Category Archives: Musicology

“Cultural music and dance forms among the adivasis have evolved over centuries. Beautified by elements and nuances of their surroundings, these forms depict their very lifestyles. Played for hours together in the same tempo, music is an integral part of celebrations and mourning. […] Each instrument has a purpose and belief related to it and they call for agile fingers, sturdy nails and strength of breath. Chaudhari who hails from Padamdungri, mentioned how the playing of Dera – exclusively a woman’s art – is now almost non-existent.” – Vikram Chaudhari interviewed by Ashleshaa Khurana for Times Of India (30 January 2014)
https://indiantribalheritage.org/?p=13780

“[G]reeting songs, lullabies, love and courtship songs, ballads, and humorous songs […] might well be completely unaccompanied, or accompanied by just a drum. Sometimes the male musicians play one-stringed, long-necked lutes, which provide a drone. Certain tribes, however, have stringed melody instruments, either a small fiddle or a stick zither with attached resonators, and these may be used to accompany the songs. This stick zither may well have been the prototype of the vina depicted in miniature paintings during the Muslim period.” – NA Jairazbhoy, “Tribal, Folk and Devotional Music” in: A Cultural History of India (London: Oxford University Press 1975)
https://indiantribalheritage.org/?p=3488

“Tribal and folk music is not taught in the same way that Indian classical music is taught.” – David Courtney
https://chandrakantha.com/articles/indian_music/folk_music.html
https://indiantribalheritage.org/?p=13574

“It is by now common knowledge that Adivasi artistic-creative traditions have been organically interwoven into a total way of life, which has, over generations, been developed on the basis of an eco-centric world view that considers the human world and nature as parts of the same continuum. Such traditions, whether wall/floor decorations, iconography, fine and/or performing arts, are deeply related to one another, and all of them are related to the everyday Adivasi way of life.” –  Jayasri Banerjee in “Adivasi music and the public stage” (Indian Folklife, January 2002)
https://indiantribalheritage.org/?p=6448

eLearning | “Cadence and Counterpoint: Documenting Santal Musical Traditions” – A virtual exhibition on Google Cultural Institute

The Santals are known for their rich seren-enec, or song dance traditions. Music, dance, song and poetry are integral to Santal culture, intimately related to the seasons, festivals and rites of passage. It is said that amongst the Santals there … Continue reading

Posted in Anthropology, Audio resources - external, Childhood and children, Crafts and visual arts, Cultural heritage, Customs, Dress and ornaments, Eastern region – Eastern Zonal Council, Education and literacy, eLearning, Museum collections - general, Museum collections - India, Music and dance, Musicology, Names and communities, Photos and slideshows, Puppetry, Resources, Seasons and festivals, Storytelling, Tips, Video resources - external, Worship and rituals | Tagged | Comments Off on eLearning | “Cadence and Counterpoint: Documenting Santal Musical Traditions” – A virtual exhibition on Google Cultural Institute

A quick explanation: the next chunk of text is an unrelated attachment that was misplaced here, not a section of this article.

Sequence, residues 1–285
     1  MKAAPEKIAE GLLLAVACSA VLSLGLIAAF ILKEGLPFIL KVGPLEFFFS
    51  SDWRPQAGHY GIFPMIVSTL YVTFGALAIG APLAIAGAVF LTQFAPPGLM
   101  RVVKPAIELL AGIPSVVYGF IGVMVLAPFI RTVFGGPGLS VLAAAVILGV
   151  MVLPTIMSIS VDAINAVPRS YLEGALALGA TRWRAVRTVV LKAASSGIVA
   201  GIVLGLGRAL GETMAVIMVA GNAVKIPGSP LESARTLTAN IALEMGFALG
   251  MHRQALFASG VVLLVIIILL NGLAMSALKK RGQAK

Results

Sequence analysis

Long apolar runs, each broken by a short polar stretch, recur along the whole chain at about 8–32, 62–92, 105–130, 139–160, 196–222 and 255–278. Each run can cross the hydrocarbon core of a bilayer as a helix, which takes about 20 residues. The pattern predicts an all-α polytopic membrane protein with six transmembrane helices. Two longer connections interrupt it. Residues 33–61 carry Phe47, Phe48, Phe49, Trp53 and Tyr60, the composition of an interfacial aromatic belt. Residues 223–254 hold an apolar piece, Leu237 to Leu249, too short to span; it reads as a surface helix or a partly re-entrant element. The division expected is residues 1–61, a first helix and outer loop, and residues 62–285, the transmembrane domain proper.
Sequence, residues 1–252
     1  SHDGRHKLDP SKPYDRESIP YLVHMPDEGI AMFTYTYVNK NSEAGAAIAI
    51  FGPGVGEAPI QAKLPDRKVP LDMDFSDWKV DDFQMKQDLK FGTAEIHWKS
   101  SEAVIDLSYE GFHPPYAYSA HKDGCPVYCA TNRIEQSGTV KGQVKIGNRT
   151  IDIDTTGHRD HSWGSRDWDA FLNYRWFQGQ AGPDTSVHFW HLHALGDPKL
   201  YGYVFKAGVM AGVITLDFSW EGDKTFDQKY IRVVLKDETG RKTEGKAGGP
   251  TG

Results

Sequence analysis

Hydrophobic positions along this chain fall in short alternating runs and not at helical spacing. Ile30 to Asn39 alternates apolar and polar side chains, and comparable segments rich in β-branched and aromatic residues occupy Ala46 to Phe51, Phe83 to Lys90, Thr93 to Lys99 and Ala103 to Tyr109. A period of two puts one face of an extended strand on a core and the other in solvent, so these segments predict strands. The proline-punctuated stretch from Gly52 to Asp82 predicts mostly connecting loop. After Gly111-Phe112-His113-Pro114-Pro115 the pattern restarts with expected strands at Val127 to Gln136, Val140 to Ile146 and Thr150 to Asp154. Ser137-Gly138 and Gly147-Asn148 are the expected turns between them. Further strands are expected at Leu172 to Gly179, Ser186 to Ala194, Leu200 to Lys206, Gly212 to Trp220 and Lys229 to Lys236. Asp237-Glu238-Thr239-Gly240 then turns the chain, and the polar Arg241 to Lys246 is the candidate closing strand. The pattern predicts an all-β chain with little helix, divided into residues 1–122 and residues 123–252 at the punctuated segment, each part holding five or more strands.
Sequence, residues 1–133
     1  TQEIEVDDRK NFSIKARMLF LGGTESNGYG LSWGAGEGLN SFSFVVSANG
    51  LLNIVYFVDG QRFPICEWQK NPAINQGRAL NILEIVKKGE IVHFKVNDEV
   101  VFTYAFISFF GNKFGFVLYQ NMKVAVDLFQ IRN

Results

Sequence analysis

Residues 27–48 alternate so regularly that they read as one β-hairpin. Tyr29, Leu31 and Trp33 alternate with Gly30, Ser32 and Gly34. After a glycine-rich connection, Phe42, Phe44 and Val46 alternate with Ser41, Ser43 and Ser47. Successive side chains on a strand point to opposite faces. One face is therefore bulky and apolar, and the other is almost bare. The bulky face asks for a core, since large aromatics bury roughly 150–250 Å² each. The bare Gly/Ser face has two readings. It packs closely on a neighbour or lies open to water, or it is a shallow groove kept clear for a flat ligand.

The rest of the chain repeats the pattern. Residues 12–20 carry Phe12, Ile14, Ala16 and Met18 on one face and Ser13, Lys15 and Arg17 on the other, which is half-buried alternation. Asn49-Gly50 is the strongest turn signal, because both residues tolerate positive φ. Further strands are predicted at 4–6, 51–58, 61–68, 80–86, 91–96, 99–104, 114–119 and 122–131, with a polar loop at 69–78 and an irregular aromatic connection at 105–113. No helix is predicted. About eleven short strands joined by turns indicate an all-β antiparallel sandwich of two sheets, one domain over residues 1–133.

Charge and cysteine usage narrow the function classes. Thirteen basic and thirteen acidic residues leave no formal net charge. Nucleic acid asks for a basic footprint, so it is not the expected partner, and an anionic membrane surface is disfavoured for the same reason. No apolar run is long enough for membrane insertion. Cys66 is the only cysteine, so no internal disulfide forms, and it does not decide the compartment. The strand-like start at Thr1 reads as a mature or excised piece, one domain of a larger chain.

Video | Tribes in Transition-III: “Indigenous Cultures in the Digital Era”

Courtesy Dr. Ivy Hansdak, Assistant Professor, Department of English, Jamia Millia Islamia University New Delhi (email 30 September 2021)

Posted in Andaman and Nicobar Islands, eBook eJournal PDF, Education and literacy, Endangered language, Internet, Languages and linguistic heritage, Literature and bibliographies, Misconceptions, Modernity, Musicology, Networking, Organizations, Revival of traditions, Tribal elders, Tribal identity, Video resources - external | Comments Off on Video | Tribes in Transition-III: “Indigenous Cultures in the Digital Era”

India’s tribal, folk and devotional music: Secular and ceremonial songs – An overview

“Tribal, Folk and Devotional Music”by NA Jairazbhoy in AL Basham (ed.). A Cultural History of India. London: Oxford University Press, 1975, pp. 234-237. Excerpt from Chapter XVI Music (pp. 212-242): Classical music is the most refined and sophisticated music to be … Continue reading

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A community whose drumming is associated with Chola, Chera and the Pandya kings – Tamil Nadu

The Hindu, Friday Review, November 03, 2016 | To read the full article and view a larger image, click here >> Thudumbu and Thudumbattam are played at temple festivals in and around Coimbatore. We went to Coimbatore for a concert but decided to stay back … Continue reading

Posted in History, Museum collections - India, Music and dance, Musicology, Names and communities, Nature and wildlife, Nilgiri, Photos and slideshows, Press snippets, Revival of traditions, Seasons and festivals, Southern region – Southern Zonal Council, Success story | Tagged | Comments Off on A community whose drumming is associated with Chola, Chera and the Pandya kings – Tamil Nadu

eJournal | Impact of public presentations of Adivasi (Santal) music – West Bengal

Adivasi music and the public stageBy Jayasri Banerjee These days, no festival or utsav is considered complete without some sort of folk music or dance. The idea of presenting the music and dance traditions of the Adivasis in a public forum is generally … Continue reading

Posted in Adivasi / Adibasi, Commentary, Crafts and visual arts, Cultural heritage, Customs, eBook eJournal PDF, Misconceptions, Modernity, Music and dance, Musicology, Names and communities, Nature and wildlife, Performing arts, Quotes, Seasons and festivals, Tribal identity, Worship and rituals | Tagged | Comments Off on eJournal | Impact of public presentations of Adivasi (Santal) music – West Bengal